A campus wide climate survey on sexual assault will open to University of Portland students on March 1. The survey, which will inform campus administrators about issues of sexual violence at UP, is being administered by a third party vendor, Higher Education Data Sharing (HEDS) Consortium. The third-party is being used in order to ensure confidentiality, since the survey is not to serve as a reporting tool.
This survey will follow another being administered specifically by the Title IX review committee.
Associate Vice President for Student Development Matthew Rygg, who has served as a deputy Title IX coordinator at UP, said the survey will be “instrumental in helping us understand some of the attitudes and beliefs about sexual assault on campus,” in addition to improving campus education and prevention programs.
The HEDS survey will allow administrators to compare results with those of other universities, which Title IX Coordinator Lauretta Frederking says will be beneficial to understanding the issue, which has been raised on college campuses across the nation, in a larger context.
Representatives from various areas of the university have been involved in this initiative — Title IX, Student Affairs, Community Against Violence (CAV) and Institutional Research, according to Rygg. Elizabeth Lee, Director of Institutional Research, explained that the goal is to give students the opportunity to “share their opinions on the campus climate, on UP faculty/staff/administration response and share experiences with unwanted sexual contact or sexual assault.”
They hope that by administering a confidential survey, the results will give a more accurate representation of the violence that takes place on campus.
Lee said she is involved in this effort because the Institutional Research Office is responsible for collecting the information administrators need to ensure that they are improving quality of life for students. Lee says she is dedicated to the success of Title IX efforts at UP and hopes to get as much feedback on this survey as possible so administration will be able to respond to students’ needs.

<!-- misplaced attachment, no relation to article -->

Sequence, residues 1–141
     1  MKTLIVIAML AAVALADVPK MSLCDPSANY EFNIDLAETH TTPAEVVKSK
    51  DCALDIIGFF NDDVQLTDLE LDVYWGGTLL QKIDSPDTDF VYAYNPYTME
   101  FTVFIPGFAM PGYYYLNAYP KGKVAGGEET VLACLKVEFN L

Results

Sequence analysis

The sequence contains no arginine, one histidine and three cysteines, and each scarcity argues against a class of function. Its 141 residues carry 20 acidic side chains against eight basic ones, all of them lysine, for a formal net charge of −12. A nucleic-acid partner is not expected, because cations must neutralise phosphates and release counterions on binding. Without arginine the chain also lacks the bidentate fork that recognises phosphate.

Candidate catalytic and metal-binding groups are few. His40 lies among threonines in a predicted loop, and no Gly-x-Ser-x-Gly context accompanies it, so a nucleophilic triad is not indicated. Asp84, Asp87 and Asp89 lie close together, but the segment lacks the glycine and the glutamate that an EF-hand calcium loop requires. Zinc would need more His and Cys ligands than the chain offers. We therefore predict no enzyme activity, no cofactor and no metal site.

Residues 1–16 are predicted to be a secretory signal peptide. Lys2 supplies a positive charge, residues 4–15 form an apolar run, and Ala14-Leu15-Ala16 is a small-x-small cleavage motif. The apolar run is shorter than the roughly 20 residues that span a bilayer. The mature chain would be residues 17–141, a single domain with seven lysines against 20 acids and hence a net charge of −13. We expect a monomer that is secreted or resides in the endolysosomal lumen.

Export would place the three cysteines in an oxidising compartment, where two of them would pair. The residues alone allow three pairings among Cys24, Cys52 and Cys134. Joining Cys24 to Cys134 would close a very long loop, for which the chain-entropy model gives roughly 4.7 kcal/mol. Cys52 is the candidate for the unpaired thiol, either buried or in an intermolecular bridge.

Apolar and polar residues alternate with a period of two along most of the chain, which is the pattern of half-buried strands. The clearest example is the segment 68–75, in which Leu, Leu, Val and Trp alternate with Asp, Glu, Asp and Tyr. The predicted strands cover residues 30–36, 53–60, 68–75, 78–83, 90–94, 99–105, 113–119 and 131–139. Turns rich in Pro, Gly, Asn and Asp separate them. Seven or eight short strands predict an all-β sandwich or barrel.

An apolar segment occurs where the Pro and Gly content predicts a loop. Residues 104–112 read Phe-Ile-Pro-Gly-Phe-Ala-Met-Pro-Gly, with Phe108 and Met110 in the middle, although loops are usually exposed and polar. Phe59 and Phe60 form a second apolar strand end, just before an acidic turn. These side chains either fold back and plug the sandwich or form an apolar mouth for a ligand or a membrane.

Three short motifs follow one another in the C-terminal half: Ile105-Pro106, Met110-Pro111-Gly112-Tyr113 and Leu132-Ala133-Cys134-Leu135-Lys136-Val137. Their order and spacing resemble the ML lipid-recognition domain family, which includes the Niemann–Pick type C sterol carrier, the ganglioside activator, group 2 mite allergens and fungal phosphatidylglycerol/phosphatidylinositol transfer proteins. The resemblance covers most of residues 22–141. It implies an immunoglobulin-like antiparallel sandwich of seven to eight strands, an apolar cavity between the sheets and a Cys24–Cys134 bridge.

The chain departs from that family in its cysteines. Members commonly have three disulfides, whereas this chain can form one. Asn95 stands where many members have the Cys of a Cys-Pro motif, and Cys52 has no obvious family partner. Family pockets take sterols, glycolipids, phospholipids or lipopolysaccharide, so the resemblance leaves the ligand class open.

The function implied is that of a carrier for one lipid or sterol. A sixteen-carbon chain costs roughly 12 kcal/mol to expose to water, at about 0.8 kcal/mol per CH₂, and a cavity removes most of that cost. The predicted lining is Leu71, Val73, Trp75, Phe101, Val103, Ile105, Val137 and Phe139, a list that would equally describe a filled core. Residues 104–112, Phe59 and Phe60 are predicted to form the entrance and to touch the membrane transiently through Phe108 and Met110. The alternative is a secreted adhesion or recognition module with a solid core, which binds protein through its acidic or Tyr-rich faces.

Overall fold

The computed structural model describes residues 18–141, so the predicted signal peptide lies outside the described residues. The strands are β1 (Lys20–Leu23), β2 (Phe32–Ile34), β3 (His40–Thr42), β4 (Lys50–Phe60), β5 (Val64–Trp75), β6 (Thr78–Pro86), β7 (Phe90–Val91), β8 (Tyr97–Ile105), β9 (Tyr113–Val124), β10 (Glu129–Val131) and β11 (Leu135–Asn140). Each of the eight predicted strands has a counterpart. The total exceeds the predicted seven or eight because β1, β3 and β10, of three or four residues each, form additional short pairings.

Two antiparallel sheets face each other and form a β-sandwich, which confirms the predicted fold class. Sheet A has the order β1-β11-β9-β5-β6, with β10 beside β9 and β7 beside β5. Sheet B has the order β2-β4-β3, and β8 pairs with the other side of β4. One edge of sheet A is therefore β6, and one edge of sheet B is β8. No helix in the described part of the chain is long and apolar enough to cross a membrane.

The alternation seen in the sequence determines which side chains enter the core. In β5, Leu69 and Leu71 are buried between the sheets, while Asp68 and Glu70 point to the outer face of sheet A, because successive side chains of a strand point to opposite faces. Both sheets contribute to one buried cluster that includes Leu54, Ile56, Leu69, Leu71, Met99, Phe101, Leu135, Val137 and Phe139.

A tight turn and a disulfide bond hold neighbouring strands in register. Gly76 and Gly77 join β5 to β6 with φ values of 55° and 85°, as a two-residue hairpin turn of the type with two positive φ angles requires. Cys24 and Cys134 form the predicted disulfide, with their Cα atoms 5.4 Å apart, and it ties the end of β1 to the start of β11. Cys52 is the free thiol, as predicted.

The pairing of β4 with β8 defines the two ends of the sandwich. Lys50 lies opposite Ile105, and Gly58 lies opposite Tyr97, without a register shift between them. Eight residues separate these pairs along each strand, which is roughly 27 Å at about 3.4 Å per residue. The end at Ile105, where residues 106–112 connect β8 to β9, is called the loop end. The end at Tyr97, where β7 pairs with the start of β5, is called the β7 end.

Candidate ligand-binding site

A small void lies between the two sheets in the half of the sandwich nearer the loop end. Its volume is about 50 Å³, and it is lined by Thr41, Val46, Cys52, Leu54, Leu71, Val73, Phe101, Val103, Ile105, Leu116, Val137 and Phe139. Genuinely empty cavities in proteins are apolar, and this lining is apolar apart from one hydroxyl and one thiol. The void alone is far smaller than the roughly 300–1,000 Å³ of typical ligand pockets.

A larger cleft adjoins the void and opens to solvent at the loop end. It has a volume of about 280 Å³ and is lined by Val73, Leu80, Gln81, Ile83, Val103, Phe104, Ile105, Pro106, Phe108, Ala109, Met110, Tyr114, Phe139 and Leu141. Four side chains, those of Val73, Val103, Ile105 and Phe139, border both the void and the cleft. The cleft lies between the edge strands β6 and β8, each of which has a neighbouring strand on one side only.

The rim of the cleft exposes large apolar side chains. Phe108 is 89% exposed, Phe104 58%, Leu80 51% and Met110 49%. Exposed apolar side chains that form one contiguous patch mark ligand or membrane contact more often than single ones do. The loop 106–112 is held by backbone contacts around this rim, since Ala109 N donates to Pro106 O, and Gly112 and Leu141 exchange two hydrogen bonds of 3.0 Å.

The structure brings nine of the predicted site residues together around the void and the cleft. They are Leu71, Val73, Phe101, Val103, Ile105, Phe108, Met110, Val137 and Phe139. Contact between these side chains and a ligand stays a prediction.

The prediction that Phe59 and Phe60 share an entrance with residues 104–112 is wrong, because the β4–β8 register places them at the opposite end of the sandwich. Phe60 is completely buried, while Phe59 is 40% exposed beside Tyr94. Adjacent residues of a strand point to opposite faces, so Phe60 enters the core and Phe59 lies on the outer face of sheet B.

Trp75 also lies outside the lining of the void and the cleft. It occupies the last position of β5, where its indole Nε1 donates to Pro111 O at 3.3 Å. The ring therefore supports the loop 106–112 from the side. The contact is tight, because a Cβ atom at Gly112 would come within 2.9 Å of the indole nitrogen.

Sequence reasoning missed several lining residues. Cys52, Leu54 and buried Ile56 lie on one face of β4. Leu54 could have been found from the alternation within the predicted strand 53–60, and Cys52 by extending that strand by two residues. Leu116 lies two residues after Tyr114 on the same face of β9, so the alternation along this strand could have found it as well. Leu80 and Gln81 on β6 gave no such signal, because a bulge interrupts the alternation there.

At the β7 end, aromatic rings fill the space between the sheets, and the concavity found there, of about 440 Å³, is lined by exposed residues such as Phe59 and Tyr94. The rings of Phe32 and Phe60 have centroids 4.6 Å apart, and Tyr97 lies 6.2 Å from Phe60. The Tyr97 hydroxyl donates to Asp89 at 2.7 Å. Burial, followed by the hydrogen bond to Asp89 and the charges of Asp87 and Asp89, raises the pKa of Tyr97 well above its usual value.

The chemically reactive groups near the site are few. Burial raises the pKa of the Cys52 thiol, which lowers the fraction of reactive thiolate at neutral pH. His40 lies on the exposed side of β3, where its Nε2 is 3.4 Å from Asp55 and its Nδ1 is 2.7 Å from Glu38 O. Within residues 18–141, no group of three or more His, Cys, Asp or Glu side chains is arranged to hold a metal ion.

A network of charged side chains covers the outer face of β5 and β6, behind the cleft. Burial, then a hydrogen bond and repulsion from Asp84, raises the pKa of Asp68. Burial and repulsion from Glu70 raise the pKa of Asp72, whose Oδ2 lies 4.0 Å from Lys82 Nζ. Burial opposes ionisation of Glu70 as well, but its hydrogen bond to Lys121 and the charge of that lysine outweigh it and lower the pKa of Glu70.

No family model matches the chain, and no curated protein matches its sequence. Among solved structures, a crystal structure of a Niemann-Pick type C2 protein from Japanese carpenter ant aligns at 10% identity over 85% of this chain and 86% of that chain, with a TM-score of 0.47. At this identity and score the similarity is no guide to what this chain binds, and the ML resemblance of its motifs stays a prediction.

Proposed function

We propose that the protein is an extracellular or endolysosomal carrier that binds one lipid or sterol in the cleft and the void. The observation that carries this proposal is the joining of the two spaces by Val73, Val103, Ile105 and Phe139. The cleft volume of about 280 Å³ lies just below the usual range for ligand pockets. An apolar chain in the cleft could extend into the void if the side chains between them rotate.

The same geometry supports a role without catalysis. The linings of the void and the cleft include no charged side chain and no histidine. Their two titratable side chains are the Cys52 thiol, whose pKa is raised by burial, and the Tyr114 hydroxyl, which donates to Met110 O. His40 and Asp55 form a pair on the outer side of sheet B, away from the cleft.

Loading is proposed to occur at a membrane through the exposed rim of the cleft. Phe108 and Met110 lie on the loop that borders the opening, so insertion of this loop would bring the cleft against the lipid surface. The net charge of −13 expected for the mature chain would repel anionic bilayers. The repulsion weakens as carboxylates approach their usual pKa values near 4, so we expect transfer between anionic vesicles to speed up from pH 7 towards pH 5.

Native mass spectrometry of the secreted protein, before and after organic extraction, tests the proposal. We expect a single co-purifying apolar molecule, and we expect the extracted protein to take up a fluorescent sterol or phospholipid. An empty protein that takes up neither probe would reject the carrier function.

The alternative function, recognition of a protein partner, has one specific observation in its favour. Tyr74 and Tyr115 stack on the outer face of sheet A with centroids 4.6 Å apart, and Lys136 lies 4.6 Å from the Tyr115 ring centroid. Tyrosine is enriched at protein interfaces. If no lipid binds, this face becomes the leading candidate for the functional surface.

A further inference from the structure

Senior English major Emily Kline said she hopes that, given this opportunity, students will be honest, “but not sugarcoat things.” For Kline, as an RA in Corrado Hall, empowering students who report that they’ve experienced sexual violence is very important. Kline said she feels she’s received plenty of training on mental health, but little in regards to sexual violence.
“It’s really hard,” she said. “Every mental health training I have been given has been about believing people. Believing and validating. And then for the school to not do the same thing makes my job very hard.”
Recently, RAs from across campus were invited to a listening session with the Title IX review committee. Kline said that although many good points were brought up, “no one was willing to say that maybe we need to be more specific about the issues at hand.”
Kline says she hopes the survey will prompt the creation of official definitions for words like “intoxicated,” “incapacitated,” “stalking” and “harassment”.
Each student will receive an individualized link to the survey in their UP email inbox on March 1. According to Lee, this survey format will give students the ability to complete the survey in multiple sittings. If students decide part way through that they don’t want to participate, Lee says “UP will not receive partially completed survey data from HEDS.”